Councilors consider how to fix $2 million deficit

City staff asked for direction from the City Council regarding how the city should fix its budget shortfalls during a work session on March 20.

After providing an overview of the city’s projected general fund for the next five years, Finance Director Brandon Neish said the budget is expected to be about $2 million short each year.

“As a body, we really need to establish what our priorities look like moving forward,” Neish said. “What is it that is essential in the minds of the council and the community? What is it that is important as far as funding is concerned?”

Interim City Manager Ron Whitlatch outlined some options, which included “substantial” reduction in services (police, library, senior center, etc.), a local option levy and utility bill fees. Other options that he believes are less likely include local payroll, sales and restaurant taxes.

The obvious reason for the deficit, Whitlatch said, is that expenditures are outpacing revenue. Inflation is another big factor. Main revenue streams for the city include franchise fees and property taxes, which are limited to a three percent year over year growth.

In his five-year forecast, Neish showed that the fiscal year 2025 (beginning this July) general fund’s beginning balance is $4,618,286. For fiscal year 2029, at this point in time the beginning balance would be expected to be in a $4,748,132 deficit.

Projected property tax revenue is expected to be $6,747,743, which are affected by Urban Renewal District debts, and franchise fees $3,034,948. In FY 2029, projected property tax revenue is $8,535,120. With the addition of all other revenue streams, the city expects $12,337,614 in total revenue for FY 2025, and $14,225,450 in FY 2029.

For expenditures, assuming all existing city positions are filled for the entire fiscal year, total payroll expenses (which include taxes, PERS, insurance, etc.) total $8,175,454 for FY 2025. Assuming an average 4.6% growth in salary and associated payroll expenses over the next five years, the total for FY 2029 would be $10,882,491.

Neish noted the city is trying to pay off debt services faster in order to free up cash in the coming years. Yet, in addition to materials, services, capital projects, transfers and contingencies, the city is looking at an 8% increase in expenditures over the next five years. Total projected expenditures for FY 2025 are $14,214,358, and for FY 2029 $16,499,463. According to Neish, the city is looking at approximately an average of $2 million spent beyond the city’s revenue each year for the next five years.

Adding to the problem is a city policy that requires the city hold a 17% reserve in the fund balance, meaning the ending fund balance that can be used is actually must lower, or the deficits are much bigger.

“Additional expenditure reductions or alternative sources of funding are on the table at this point,” Neish said. “Whichever way you slice it, one of those things, or a mix of both, has to occur in order for us to change the fact that we are dragging on that fund balance about $2 million a year. We just don’t have it. Something structurally has to change for us in order to make that bottom line meet and to comply with state law.”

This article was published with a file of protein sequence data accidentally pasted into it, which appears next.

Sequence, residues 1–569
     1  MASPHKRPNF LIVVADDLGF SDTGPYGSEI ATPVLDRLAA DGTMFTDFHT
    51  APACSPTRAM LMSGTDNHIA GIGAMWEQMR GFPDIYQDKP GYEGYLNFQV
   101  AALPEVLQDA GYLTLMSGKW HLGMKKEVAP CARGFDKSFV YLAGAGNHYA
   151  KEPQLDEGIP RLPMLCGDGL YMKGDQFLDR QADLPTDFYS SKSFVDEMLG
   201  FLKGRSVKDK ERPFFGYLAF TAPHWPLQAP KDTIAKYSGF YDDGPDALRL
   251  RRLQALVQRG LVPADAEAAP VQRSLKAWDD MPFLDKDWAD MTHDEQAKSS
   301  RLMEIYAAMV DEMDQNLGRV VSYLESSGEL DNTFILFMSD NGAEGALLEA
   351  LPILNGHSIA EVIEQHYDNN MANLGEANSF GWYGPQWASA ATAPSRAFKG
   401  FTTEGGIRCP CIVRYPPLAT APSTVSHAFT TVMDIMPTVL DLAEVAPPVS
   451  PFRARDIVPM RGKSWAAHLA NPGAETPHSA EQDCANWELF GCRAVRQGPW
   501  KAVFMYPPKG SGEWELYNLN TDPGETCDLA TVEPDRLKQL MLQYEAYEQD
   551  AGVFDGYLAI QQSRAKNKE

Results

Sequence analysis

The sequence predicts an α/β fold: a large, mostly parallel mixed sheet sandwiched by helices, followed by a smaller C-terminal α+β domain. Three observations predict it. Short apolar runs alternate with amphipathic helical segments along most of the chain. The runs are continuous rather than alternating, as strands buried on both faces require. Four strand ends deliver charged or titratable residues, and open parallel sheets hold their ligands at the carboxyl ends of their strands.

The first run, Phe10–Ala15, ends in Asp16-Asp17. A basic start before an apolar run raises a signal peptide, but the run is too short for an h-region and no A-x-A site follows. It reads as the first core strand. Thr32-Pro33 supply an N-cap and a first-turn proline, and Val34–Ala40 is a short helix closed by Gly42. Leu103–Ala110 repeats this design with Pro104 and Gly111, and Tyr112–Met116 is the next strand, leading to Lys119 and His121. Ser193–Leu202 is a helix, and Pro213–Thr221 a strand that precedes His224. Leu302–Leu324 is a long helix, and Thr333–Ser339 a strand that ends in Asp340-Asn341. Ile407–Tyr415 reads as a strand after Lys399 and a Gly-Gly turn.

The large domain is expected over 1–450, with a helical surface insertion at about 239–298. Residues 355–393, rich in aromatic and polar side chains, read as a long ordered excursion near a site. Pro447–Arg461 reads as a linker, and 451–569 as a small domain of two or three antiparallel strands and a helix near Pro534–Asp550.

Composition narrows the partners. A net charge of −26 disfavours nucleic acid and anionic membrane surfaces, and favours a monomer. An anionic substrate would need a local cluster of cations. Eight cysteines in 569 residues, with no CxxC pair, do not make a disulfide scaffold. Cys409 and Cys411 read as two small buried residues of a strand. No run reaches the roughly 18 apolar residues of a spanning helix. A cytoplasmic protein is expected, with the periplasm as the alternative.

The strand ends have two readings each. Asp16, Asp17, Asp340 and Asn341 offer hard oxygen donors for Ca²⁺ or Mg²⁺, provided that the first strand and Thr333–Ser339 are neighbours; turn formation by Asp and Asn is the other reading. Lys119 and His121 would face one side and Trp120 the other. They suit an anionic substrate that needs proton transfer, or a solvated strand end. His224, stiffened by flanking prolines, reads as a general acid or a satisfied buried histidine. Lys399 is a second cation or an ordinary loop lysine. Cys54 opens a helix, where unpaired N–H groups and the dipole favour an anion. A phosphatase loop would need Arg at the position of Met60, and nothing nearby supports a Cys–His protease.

During council discussion on the matter, councilors Wayne Dykstra and David Workman, and Mayor Ken Jackola agreed they would not want to reduce city services. Councilor KJ Ullfers said he’d like to look into the possibility of another debt obligation bond on PERS.

“The way I see it, we can’t cut our way out of $2 million,” Councilor Michelle Steinhebel said. “It’s impossible. I don’t want to know what that looks like because it would be wholesale slashing of very important and critical departments for our city.”

Though she recognizes revenue generation through utility fees and taxes is an unpopular move, it’s a move other nearby cities have established to stay afloat. Steinhebel wanted to establish what the most critical services are to, essentially, protect them from facing financial cuts.

Some discussion revolved around a local option levy, what service(s) it would fund, and when funding for that (if approved by voters) would come in. Neish said a rough estimate of income from a levy would be about $200 per year per property owner. Whitlatch said a utility fee might be a doable option as well, but he believes trying to do both a fee and a levy would be a difficult ask.

The council directed staff to bring to a future meeting what some levy options might look like. Councilor Steinhebel also asked to see how similar-size cities are using levies and fees to supplement a budget.

The next work session to discuss the matter is expected to be at 12 p.m. on Wednesday, April 24.